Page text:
New and accessible guidance has been released by the Home Office on the deprivation of British citizenship under section 40 of the British Nationality Act 1981, detailing the approach caseworkers should take when deciding such cases, replacing previous Deprivation and nullity guidance.
The guidance covers instances where an individual may be deprived of their British citizenship if the Secretary of State is satisfied that it would be conducive to the public good and they would not become stateless as a result (section 40(2)). Or that the person acquired citizenship through registration or naturalisation that was obtained by means of fraud, false representation or concealment of material facts (section 40(3) and section 40(6)).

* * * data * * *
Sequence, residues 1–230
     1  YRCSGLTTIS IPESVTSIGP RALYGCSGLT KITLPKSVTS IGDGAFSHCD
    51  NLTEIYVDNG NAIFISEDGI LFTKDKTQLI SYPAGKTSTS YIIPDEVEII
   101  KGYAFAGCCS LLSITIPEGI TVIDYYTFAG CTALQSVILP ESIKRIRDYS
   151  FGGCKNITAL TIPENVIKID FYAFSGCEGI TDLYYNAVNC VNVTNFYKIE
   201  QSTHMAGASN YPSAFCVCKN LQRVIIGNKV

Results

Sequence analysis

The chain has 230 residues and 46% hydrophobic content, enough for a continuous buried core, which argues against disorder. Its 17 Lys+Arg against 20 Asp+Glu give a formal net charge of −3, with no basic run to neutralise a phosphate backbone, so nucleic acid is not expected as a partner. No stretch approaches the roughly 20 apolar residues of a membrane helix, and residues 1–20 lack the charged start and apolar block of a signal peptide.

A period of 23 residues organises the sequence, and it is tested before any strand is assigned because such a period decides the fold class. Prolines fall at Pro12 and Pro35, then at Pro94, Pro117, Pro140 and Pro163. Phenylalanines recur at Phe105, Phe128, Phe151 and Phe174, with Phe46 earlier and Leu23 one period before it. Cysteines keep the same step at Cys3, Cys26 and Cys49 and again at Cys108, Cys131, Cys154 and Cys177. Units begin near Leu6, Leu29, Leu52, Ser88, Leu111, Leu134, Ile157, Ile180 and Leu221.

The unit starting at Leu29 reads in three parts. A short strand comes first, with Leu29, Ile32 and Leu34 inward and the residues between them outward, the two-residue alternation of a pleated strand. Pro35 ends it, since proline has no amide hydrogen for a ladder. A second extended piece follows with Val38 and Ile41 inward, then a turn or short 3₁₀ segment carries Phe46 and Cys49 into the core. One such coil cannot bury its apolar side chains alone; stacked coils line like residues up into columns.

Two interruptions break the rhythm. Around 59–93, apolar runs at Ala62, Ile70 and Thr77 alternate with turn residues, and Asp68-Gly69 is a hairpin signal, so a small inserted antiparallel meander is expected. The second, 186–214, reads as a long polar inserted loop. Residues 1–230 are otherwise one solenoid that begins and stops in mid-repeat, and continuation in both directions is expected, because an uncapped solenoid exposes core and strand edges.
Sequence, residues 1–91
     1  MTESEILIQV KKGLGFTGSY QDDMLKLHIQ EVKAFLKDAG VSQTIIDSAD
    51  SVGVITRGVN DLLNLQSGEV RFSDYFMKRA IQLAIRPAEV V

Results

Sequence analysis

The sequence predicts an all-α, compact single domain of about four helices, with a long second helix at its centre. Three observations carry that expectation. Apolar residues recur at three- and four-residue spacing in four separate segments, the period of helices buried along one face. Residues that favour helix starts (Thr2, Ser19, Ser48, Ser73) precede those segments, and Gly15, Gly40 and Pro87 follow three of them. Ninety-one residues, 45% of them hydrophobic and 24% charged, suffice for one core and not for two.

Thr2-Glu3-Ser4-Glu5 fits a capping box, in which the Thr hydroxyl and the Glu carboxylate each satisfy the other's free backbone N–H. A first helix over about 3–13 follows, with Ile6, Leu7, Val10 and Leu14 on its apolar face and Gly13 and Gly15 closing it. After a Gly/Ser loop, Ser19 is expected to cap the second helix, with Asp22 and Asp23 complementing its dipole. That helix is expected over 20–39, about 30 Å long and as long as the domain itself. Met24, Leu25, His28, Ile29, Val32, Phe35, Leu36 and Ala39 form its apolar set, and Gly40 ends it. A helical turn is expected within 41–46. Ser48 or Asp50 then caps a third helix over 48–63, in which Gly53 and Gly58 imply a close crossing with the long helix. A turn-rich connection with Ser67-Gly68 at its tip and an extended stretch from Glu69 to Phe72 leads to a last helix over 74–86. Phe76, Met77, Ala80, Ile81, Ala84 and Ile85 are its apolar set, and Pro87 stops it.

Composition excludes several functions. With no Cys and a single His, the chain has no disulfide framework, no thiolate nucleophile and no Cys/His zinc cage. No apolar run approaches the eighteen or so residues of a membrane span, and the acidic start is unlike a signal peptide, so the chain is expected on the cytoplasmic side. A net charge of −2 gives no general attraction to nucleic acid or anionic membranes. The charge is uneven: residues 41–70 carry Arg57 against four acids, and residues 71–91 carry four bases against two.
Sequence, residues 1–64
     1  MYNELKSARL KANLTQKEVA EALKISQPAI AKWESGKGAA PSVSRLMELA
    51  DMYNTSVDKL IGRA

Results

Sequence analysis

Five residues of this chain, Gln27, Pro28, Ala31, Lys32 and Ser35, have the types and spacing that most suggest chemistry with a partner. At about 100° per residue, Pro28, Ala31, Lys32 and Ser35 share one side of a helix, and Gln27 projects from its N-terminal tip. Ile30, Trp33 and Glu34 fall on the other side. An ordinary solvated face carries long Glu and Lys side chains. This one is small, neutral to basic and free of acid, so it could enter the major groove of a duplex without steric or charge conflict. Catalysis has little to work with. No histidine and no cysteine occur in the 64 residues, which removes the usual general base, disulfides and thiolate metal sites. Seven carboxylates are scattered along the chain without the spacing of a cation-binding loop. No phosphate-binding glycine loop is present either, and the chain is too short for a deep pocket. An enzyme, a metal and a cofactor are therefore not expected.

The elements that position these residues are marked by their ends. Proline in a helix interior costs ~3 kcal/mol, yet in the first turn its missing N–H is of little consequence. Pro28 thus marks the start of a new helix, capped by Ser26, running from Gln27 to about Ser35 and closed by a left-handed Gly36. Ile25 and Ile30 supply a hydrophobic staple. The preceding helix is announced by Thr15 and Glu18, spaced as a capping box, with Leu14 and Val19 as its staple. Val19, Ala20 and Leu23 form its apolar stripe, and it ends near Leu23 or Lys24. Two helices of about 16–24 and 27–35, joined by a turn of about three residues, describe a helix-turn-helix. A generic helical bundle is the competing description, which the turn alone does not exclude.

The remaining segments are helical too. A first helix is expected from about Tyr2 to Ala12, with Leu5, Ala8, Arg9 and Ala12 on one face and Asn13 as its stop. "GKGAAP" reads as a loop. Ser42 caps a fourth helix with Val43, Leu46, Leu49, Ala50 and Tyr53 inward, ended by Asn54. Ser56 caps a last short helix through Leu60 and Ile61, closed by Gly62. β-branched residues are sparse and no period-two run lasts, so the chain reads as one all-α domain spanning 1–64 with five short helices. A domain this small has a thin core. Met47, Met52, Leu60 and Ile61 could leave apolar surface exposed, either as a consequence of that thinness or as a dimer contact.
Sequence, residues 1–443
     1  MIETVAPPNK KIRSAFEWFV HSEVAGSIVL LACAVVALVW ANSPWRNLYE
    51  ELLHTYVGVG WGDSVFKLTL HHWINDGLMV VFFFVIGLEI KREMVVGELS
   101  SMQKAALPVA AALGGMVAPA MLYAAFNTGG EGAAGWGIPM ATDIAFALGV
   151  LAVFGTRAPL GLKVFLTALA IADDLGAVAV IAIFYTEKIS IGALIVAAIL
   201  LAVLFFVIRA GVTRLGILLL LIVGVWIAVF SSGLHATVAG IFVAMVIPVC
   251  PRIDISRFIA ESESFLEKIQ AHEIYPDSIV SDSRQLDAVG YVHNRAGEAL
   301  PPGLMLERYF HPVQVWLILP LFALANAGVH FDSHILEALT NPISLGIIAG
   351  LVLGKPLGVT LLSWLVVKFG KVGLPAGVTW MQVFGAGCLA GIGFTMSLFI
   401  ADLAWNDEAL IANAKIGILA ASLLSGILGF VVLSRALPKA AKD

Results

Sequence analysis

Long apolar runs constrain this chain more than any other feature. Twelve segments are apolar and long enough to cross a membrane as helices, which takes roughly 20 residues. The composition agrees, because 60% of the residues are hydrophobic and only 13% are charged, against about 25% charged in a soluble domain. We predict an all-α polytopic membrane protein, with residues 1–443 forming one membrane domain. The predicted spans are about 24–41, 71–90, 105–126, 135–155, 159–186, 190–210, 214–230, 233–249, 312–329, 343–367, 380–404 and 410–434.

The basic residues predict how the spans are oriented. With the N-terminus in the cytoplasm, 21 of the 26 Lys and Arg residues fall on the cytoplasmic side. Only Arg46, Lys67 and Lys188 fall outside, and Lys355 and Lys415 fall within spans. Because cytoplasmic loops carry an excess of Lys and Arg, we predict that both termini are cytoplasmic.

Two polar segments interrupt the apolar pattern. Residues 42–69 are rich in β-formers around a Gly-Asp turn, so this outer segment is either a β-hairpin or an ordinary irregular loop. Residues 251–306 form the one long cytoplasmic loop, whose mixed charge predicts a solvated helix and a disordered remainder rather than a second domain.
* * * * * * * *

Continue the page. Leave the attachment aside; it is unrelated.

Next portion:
Under section 40(4), a decision to deprive someone of their citizenship n the basis that it would be conducive to the public good cannot be made if the Secretary of State is satisfied that it would leave the individual stateless. However section 40(4A), introduced by the Immigration Act 2014, provides that a decision to deprive someone of their citizenship where it would leave them stateless can be made if they have “conducted themselves in a manner seriously prejudicial to the vital interests of the UK and if there are reasonable grounds for believing that the person is able to become a national of another country or territory”.
The guidance also covers the service of deprivation notices, deprivation without notice, and appeals.
The Home Office have also published updated guidance on nullity of British citizenship, which has been updated to included clarification of the use of nullity following the Supreme Court’s judgment in R (Hysaj & Ors) v Secretary of State for the Home Department  UKSC 82.
You can read more about the general principles of deprivation and nullity here, and about the Supreme Court’s judgment in Hysaj here.